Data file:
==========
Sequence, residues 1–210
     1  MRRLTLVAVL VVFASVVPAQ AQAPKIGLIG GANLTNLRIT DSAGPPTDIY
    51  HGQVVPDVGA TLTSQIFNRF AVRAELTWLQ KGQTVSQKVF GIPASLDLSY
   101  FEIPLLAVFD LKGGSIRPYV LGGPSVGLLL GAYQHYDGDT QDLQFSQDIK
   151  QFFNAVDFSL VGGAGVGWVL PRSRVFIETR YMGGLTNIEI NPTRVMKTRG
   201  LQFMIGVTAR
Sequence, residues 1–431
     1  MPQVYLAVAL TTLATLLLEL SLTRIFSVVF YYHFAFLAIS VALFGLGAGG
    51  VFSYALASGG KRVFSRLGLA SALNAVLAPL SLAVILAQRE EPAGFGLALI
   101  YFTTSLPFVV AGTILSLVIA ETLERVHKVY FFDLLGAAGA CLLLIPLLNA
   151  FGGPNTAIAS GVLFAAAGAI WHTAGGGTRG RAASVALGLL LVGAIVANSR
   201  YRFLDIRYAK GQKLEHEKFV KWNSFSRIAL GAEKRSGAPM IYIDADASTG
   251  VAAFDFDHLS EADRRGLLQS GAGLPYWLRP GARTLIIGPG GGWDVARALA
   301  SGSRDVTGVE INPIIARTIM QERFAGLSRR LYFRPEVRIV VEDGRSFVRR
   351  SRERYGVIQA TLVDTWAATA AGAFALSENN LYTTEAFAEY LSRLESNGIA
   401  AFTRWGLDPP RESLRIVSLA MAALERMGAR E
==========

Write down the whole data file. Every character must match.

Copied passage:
Sequence, residues 1–210
     1  MRRLTLVAVL VVFASVVPAQ AQAPKIGLIG GANLTNLRIT DSAGPPTDIY
    51  HGQVVPDVGA TLTSQIFNRF AVRAELTWLQ KGQTVSQKVF GIPASLDLSY
   101  FEIPLLAVFD LKGGSIRPYV LGGPSVGLLL GAYQHYDGDT QDLQFSQDIK
   151  QFFNAVDFSL VGGAGVGWVL PRSRVFIETR YMGGLTNIEI NPTRVMKTRG
   201  LQFMIGVTAR
Sequence, residues 1–431
     1  MPQVYLAVAL TTLATLLLEL SLTRIFSVVF YYHFAFLAIS VALFGLGAGG
    51  VFSYALASGG KRVFSRLGLA SALNAVLAPL SLAVILAQRE EPAGFGLALI
   101  YFTTSLPFVV AGTILSLVIA ETLERVHKVY FFDLLGAAGA CLLLIPLLNA
   151  FGGPNTAIAS GVLFAAAGAI WHTAGGGTRG RAASVALGLL LVGAIVANSR
   201  YRFLDIRYAK GQKLEHEKFV KWNSFSRIAL GAEKRSGAPM IYIDADASTG
   251  VAAFDFDHLS EADRRGLLQS GAGLPYWLRP GARTLIIGPG GGWDVARALA
   301  SGSRDVTGVE INPIIARTIM QERFAGLSRR LYFRPEVRIV VEDGRSFVRR
   351  SRERYGVIQA TLVDTWAATA AGAFALSENN LYTTEAFAEY LSRLESNGIA
   401  AFTRWGLDPP RESLRIVSLA MAALERMGAR E